There are two different types of sperm donors single women can use. A directed donor is a man the woman chooses to donate sperm to achieve pregnancy. If there is no known donor, anonymous sperm donors from a sperm bank are a viable option.
Tests and Screenings
Sperm donated for insemination goes through a variety of tests to ensure its safety. Donors undergo strict health screening regulated by the FDA to ensure they have no major health risks prior to donation. These tests screen for sexually transmitted diseases, genetic defects and medical problems that may affect sperm they donate. Before the donor sperm is available, the donor must come back for testing in six months to rule out HIV or other viruses that have a dormant period. Additionally, sperm banks and doctors' offices run tests to detect HIV and hepatitis. Other tests detect high white blood cell counts to prevent sperm donations with a viral or bacterial infection. These tests provide the highest safeguard against problematic sperm donations.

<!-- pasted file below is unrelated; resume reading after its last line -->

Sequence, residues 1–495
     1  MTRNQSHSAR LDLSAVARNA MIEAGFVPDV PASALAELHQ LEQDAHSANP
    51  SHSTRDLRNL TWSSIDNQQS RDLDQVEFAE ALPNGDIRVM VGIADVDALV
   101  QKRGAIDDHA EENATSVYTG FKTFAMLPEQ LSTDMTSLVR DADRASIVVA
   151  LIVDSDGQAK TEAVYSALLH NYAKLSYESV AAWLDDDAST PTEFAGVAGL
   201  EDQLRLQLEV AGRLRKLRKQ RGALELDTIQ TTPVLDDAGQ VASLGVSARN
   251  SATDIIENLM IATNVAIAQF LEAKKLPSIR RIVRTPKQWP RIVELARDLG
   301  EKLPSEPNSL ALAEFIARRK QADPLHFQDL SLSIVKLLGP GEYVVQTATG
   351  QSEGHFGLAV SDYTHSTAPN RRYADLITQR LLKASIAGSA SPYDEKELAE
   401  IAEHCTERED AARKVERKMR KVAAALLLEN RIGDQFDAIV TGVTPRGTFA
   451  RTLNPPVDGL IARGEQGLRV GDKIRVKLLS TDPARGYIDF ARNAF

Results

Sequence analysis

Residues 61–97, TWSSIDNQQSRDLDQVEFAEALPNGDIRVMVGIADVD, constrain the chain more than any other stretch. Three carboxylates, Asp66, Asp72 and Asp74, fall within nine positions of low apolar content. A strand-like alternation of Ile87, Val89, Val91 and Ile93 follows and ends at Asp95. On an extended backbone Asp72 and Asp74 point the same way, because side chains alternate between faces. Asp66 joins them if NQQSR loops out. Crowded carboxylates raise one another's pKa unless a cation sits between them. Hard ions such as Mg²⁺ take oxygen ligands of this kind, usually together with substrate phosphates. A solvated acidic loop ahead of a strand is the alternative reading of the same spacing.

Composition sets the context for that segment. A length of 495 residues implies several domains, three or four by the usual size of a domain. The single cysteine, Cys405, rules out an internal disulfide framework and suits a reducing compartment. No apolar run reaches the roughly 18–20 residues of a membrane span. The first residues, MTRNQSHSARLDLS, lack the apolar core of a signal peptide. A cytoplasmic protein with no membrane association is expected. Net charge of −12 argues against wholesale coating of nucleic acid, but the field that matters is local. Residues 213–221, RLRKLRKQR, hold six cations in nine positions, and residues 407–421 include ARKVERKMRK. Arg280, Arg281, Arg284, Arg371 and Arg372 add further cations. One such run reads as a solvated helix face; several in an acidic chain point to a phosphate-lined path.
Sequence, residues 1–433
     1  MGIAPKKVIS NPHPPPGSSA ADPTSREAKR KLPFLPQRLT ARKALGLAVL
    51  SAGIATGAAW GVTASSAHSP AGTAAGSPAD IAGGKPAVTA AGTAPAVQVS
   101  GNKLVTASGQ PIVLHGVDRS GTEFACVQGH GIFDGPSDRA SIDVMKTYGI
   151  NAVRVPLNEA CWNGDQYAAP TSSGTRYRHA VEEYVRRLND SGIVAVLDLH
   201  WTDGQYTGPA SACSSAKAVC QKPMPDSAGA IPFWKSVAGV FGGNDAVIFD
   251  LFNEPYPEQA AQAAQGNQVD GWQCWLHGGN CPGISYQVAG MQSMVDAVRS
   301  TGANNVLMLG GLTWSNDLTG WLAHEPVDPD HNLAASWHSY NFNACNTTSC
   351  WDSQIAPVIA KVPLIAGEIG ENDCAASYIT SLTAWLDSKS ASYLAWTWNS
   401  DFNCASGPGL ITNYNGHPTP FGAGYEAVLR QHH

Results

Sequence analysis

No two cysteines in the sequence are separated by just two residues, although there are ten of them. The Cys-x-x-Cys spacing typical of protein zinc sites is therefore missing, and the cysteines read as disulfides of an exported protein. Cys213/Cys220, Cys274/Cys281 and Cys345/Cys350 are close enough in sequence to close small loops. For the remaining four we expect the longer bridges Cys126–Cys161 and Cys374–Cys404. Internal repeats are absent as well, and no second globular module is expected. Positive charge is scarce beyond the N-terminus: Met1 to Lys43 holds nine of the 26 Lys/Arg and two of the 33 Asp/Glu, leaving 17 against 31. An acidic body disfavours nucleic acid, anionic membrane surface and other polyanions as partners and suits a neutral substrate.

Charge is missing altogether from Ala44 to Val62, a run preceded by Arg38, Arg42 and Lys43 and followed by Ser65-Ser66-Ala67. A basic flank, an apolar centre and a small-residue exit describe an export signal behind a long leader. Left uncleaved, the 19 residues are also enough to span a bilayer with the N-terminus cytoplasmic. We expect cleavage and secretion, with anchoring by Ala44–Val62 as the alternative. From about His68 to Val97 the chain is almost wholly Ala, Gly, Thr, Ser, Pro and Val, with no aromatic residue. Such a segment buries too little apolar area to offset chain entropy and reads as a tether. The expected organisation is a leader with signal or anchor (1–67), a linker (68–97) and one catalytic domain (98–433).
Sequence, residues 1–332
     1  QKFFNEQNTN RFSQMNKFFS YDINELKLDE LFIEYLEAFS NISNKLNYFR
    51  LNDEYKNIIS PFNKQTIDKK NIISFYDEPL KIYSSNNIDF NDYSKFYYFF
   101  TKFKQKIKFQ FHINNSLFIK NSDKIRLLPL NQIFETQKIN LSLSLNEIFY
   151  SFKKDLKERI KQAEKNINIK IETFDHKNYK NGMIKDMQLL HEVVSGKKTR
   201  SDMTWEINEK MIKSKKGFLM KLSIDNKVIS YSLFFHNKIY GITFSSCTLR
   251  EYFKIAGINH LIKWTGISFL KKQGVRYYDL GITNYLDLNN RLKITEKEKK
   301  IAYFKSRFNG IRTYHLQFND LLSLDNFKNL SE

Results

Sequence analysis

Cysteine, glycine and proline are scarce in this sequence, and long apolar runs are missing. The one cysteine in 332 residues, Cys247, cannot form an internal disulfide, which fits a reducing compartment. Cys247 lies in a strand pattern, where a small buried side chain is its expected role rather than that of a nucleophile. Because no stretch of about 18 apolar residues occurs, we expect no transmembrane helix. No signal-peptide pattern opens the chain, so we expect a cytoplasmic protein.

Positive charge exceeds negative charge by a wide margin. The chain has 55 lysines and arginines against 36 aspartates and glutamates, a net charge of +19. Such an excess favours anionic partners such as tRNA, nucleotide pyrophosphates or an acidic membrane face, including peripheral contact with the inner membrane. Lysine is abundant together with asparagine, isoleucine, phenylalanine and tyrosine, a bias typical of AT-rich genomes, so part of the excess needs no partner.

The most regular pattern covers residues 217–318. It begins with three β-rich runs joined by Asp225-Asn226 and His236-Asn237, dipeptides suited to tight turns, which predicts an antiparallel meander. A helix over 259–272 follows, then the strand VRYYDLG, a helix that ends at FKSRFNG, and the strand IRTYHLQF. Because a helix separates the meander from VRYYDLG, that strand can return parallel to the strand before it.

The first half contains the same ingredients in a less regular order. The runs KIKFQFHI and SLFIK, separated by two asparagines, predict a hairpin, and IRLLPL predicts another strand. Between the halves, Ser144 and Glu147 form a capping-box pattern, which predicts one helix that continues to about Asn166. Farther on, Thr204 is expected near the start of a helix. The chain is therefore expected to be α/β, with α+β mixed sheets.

Intra-Uterine Insemination (IUI)
IUI is a medical procedure that entails placing sperm into the uterus around the time a woman ovulates. Since sperm have a limited life span, this placement close to the egg release ensures the best chance of fertilization and implantation of the egg.
When the sperm donor is direct, it is advisable to attain an attorney to write out a legally binding contract detailing the donor's responsibilities and rights. This prevents future legal problems for both parties, including custody disputes, child support payment obligations and other guardianship issues. With anonymous donors, no legal contract is necessary since they are not inseminating with the intent to become a parent.